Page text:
Straightening the Phillips curve, 1968-1976
AbstractThis paper looks at the change in the British Treasury's macroeconomic thinking between Friedman's statement of the natural rate doctrine in 1968 and Prime Minister Callaghan's public abandonment of Keynesian demand management in 1976. Simultaneously rising unemployment and inflation made the Treasury sceptical about the old Phillips curve from the start, but, far from moving smoothly to the expectations-augmented version, it hesitated between assuming the curve had shifted outwards, abandoning any idea of a Phillips curve, and adhering to a 'New Cambridge' curve where unemployment made inflation worse. Eventually a tense Treasury meeting abandoned money illusion by majority vote.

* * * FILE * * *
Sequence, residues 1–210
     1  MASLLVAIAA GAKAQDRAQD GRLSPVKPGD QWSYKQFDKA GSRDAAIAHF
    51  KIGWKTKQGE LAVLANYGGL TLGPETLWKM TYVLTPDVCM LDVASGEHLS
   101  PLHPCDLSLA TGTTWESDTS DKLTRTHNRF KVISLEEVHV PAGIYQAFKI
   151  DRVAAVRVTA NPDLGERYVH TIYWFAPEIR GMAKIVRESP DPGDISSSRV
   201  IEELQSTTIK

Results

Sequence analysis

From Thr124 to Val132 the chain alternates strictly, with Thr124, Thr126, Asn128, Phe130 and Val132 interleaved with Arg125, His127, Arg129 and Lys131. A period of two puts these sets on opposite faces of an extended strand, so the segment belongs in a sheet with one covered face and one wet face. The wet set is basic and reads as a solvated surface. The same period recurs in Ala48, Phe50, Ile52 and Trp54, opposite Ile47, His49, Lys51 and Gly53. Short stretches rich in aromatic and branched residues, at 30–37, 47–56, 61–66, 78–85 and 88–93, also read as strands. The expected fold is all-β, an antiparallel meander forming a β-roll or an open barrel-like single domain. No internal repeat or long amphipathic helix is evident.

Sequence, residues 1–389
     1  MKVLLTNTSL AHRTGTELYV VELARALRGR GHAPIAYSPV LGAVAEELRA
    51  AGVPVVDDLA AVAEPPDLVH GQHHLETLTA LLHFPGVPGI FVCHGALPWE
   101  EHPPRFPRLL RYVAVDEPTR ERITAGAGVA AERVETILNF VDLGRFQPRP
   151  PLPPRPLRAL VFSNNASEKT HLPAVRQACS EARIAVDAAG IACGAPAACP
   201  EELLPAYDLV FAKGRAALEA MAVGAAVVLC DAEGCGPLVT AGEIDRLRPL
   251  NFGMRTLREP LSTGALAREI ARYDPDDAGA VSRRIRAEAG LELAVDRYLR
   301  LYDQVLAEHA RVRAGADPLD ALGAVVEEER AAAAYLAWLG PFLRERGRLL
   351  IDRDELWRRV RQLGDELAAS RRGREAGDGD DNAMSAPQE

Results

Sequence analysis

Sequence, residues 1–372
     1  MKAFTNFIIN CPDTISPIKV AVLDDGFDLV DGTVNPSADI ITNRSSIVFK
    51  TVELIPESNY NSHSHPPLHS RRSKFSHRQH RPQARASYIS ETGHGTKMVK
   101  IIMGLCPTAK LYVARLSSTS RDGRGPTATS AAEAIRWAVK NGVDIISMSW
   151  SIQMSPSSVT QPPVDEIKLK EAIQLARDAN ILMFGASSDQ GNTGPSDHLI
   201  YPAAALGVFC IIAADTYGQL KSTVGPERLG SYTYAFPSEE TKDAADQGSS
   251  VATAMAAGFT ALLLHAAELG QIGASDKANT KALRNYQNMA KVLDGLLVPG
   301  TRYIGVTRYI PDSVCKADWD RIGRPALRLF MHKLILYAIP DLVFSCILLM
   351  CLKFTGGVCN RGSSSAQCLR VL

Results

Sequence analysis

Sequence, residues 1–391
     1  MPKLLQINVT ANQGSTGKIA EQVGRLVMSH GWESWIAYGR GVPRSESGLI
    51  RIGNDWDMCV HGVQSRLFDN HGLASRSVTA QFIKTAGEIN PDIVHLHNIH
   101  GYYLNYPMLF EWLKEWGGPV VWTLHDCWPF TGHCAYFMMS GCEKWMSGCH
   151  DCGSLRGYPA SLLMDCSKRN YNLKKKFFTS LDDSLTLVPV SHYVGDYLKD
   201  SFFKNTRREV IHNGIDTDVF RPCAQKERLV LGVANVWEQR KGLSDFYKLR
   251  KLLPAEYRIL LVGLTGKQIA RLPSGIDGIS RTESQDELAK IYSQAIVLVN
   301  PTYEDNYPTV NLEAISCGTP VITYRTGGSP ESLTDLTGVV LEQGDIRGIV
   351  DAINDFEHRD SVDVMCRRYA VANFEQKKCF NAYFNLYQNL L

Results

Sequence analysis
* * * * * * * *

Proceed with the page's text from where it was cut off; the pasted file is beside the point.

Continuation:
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Bibliographic InfoArticle provided by Taylor & Francis Journals in its journal The European Journal of the History of Economic Thought.
Volume (Year): 18 (2011)
Issue (Month): 3 ()
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